The amount of toxicity data needed should be related to the expected human exposure level, in accordance with the principle that the higher the exposure, the greater the amount of data required. Considering human exposure to determine the data needed may allow more efficient use of resources and contribute to reducing the use of experimental animals without loss in the safety assessment. In this Opinion, the tiered approach recommended by the SCF in 2001 is updated based on scientific progress. It focuses on the evaluation of substances used for the manufacture of plastic FCM, but it is, in principle, also applicable to those used in non-plastic FCM and those substances that are not specifically regulated but are assessed by the users.

For the safety assessment of substances used in FCM, genotoxicity testing is always required, even if exposure is low. Beyond this, three threshold levels of human exposure, namely 1.5, 30 and 80 μg/kg bw per day, are proposed as triggers for the requirement of additional toxicity data. The first level, 1.5 μg/kg bw per day, is intended to be a general threshold for the investigation of potential toxic effects other than genotoxicity. In case a substance can be classified in Cramer class I (the less toxic class, i.e. the substance has a simple chemical structure and can be anticipated to be metabolised to innocuous products, suggesting low oral toxicity), a second level of 30 µg/kg bw per day could be set instead of 1.5 μg/kg bw per day as the threshold for the investigation of repeated-dose toxicity. A third exposure threshold is proposed as a trigger for additional toxicity studies beyond the core set of general toxicity data. This threshold is defined as 80 μg/kg bw per day, consistent with previous SCF guidelines. The Panel considers that exposure above this level would approach that observed for food additives and that it would, therefore, be appropriate to require a corresponding toxicological data set.

The EFSA Scientific Committee recommendations on genotoxicity testing strategies call for two tests: (i) a bacterial reverse mutation assay; and (ii) an in vitro mammalian cell micronucleus test. This combination of tests fulfils the basic requirements to cover the three genetic endpoints with the minimum number of tests: the bacterial reverse mutation assay covers gene mutations and the in vitro micronucleus test covers both structural and numerical chromosome aberrations. The following tests in vivo would be suitable to follow-up for substances positive in the in vitro base set: (i) the in vivo micronucleus test; (ii) the in vivo Comet assay; and (iii) the transgenic rodent gene mutation assay.

Studies of subchronic toxicity generally provide sufficient information to establish the main toxicological profile of a substance, providing information on the target organs and tissues affected, on the nature and severity of the effects induced, and on the dose–response relationships. Chronic toxicity and carcinogenicity studies may reveal effects not evident in subchronic studies, or may confirm effects observed in subchronic studies, at the same or perhaps lower doses. Subchronic and chronic toxicity studies should allow the determination of the point of departure for safety assessment.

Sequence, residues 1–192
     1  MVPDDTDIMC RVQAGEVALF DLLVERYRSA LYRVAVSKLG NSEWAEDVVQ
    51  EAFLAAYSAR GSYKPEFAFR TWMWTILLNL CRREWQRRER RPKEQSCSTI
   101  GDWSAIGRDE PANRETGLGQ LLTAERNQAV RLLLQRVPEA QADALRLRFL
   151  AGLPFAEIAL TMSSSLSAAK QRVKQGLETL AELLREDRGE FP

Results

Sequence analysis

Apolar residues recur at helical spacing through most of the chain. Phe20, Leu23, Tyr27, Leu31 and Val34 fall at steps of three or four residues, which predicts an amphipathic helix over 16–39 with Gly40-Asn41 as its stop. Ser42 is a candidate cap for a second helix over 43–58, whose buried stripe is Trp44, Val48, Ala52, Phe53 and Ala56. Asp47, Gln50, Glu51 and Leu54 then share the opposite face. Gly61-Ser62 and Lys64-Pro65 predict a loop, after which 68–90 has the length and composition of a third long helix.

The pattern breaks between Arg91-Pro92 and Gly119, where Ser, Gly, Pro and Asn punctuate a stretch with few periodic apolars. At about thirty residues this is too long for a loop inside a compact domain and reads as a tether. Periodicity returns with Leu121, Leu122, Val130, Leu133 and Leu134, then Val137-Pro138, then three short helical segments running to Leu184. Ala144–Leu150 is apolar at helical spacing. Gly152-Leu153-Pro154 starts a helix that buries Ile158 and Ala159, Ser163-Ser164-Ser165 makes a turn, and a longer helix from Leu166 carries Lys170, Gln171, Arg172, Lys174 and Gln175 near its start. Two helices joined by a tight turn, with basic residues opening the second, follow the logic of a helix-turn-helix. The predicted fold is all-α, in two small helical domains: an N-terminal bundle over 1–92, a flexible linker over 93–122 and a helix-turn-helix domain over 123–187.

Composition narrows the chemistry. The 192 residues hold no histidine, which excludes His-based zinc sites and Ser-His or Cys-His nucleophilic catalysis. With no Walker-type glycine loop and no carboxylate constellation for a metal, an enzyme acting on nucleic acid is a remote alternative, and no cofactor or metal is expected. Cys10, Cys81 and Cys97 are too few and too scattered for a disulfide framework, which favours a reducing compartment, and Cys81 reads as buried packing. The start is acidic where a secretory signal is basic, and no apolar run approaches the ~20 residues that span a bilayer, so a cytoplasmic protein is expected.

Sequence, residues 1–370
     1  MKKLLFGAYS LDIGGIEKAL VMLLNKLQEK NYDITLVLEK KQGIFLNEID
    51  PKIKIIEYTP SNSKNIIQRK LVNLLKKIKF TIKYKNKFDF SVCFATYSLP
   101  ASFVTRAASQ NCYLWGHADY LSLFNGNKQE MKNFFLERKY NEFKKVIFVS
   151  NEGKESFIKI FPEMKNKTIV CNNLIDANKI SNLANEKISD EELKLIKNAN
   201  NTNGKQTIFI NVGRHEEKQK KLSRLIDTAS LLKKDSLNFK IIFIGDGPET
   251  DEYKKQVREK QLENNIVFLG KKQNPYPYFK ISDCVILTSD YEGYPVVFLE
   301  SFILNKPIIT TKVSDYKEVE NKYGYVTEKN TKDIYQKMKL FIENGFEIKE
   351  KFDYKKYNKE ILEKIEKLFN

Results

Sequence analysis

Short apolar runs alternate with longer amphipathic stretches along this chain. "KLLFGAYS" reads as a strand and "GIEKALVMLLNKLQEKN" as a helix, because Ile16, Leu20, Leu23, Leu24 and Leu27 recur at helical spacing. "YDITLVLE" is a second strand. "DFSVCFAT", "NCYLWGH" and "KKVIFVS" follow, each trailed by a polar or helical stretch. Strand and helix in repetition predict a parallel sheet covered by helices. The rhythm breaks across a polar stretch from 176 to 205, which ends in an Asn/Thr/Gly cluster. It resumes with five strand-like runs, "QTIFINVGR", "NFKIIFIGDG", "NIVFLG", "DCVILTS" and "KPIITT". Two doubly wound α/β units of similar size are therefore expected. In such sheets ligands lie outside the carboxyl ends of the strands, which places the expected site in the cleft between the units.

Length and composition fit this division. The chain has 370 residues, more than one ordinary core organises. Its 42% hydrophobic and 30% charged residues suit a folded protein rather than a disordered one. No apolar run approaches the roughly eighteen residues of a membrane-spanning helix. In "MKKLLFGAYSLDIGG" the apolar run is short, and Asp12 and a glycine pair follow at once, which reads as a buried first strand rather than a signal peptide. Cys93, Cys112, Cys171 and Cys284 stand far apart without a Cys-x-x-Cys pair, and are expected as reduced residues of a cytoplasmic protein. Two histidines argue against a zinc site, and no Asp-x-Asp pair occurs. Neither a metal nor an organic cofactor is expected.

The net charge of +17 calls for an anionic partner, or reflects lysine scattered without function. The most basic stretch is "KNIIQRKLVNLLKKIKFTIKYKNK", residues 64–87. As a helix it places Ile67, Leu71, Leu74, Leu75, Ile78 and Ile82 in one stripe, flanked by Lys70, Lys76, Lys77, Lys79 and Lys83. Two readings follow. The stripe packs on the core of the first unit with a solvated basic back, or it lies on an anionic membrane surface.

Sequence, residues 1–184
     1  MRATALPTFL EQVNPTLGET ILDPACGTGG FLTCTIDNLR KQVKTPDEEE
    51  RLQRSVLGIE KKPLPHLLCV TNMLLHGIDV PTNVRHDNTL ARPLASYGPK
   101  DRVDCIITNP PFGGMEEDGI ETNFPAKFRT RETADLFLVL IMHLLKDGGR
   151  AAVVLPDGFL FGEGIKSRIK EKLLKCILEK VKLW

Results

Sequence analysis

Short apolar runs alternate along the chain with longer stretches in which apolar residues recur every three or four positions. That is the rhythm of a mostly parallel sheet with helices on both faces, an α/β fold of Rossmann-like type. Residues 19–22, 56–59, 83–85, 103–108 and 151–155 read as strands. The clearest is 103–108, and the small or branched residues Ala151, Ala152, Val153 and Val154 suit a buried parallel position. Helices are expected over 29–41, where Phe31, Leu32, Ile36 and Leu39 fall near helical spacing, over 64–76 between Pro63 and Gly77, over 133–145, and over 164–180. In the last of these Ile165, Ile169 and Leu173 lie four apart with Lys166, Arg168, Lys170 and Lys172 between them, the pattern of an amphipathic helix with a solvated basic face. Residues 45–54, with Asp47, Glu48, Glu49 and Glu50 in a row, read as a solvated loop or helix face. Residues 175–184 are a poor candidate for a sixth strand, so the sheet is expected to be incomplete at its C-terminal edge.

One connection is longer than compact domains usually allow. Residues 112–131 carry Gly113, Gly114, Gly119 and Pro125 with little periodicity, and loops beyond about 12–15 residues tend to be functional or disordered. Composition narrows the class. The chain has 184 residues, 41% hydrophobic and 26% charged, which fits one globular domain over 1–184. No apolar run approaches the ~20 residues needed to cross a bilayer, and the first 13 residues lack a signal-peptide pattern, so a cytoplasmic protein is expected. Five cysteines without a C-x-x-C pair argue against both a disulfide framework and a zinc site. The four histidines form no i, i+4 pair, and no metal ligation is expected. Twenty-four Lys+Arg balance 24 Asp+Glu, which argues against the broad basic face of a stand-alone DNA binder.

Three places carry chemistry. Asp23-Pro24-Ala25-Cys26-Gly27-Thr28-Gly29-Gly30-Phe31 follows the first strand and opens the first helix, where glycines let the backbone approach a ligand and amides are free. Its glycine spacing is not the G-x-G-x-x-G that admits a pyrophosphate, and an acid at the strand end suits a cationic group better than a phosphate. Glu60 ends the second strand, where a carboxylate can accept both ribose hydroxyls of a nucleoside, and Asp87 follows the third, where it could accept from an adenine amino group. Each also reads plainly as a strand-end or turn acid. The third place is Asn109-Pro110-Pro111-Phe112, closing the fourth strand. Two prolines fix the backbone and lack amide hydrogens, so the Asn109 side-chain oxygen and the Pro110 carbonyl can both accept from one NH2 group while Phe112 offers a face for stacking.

New testing strategies were recently developed to enhance the toxicological information from short-term and reproductive toxicity studies on potential effects on the endocrine, nervous and immune systems. Consequently, these improved study designs should be incorporated into the recommended toxicological test methods and study protocols.

Other updated test protocols are also described and discussed with respect to their applicability in any updating of the FCM guidelines, specifically protocols to test subchronic toxicity, prenatal developmental toxicity, chronic toxicity, toxicokinetics, endocrine disruption, neurotoxic potential, developmental effects on behaviour and neurotoxicity, and, finally, immunotoxic and immunomodulatory effects.

Read-across may also be used in the hazard characterisation of all migrating substances. The read-across approach contributes to the reduction in animal testing and resources.

FCM are one sector for potential use of nanotechnology and nanomaterials. The specific properties of nanomaterials may affect their toxicokinetic and toxicology profiles. The Panel recognised that the availability of data to cope with some of the six cases identified may depend on the specific properties of the nanomaterials and on the likely impact of the matrix in which they are dispersed.

Considering the NIAS, the same approach as that used for authorised substances should be applied for their toxicological assessment, as the same degree of safety should be warranted for all migrating substances. However, non-testing methods could have increased importance for the assessment of genotoxicity of NIAS.

Keywords
food contact materials, plastics, substances, safety assessment, migration, exposure, toxicological evaluation
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Number of Pages
28